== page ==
Immigration Law: the International Equine Professional

Many disciplines and aspects of the equine world have need for foreign riders and equine participants.
This may include foreign trainers, riders, competitors, jockeys, grooms, and handlers.
Because immigration law can be complex, the next few blog posts will break down the main categories of equine immigration to the U.S.

Argentine Adolfo Cambiaso, with a handicap of 10 goals, considered by most as the best polo player in the world.

First: the International Equine Professional

My family often plays polo with Argentine polo players; Argentina is known throughout the world as producing some of the top polo players (such as Cambiaso, Figueras, etc.).   Argentine polo professionals often travel to the U.S. for the polo season or for competitions.

Notable professional equine athletes include Olympic riders, Pan American Game team members, and World Equestrian Game participants.  For such riders, the P-1A Visa  is likely the most appropriate and is for riders who intend a temporary stay in the U.S.
The P-1 Visa is reserved for riders who are exceptional in their field, a standard measured by whether the athletic achievement is recognized or renown in more than one country.

A U.S. sponsor, company, or employer must file a petition for the particular equine rider with the Citizenship and Immigration Services department.  The petition must contain details of the rider's international recognition, which might include: the rider's international ranking, a written statement from sports media or a recognized expert in the sport, or proof of significant participation on a U.S. or International team.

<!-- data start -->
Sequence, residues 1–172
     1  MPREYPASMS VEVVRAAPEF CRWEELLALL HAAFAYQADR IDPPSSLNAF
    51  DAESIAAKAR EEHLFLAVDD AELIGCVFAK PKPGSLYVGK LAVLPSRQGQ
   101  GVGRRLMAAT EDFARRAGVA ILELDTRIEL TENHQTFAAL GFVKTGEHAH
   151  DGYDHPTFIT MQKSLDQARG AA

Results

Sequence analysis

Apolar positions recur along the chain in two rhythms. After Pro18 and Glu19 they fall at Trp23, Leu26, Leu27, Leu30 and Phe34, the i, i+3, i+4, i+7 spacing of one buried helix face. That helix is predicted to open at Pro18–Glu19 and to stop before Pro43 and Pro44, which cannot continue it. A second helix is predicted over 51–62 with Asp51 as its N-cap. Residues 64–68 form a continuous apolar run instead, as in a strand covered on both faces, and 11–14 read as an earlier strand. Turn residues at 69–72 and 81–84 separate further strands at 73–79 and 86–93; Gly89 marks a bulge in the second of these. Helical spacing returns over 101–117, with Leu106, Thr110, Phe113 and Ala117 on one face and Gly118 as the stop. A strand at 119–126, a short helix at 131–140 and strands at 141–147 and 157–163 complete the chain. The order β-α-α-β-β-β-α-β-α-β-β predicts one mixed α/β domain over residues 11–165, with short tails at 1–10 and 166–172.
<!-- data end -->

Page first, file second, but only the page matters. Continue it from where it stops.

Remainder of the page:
The P-1 Visa would permit the equine athlete to enter the U.S. for a specific competition, event, or performance, and might extend to an entire season of the horse sport (such as the summer polo season).  The equine athlete could also enter the U.S. for "promotional appearances."

Possibly a "promotional appearance," Argentine Nacho Figueras, handicap of 6 Goals
Source

Family members (dependents) of the accomplished equine athlete would apply for a P-4 Visa in order to accompany the athlete, and there are other P Visa classifications for the equine athlete's support team, such as a coach or trainer.

-I know this post was "polo" heavy, but don't worry, I'll move to other disciplines in further immigration posts!-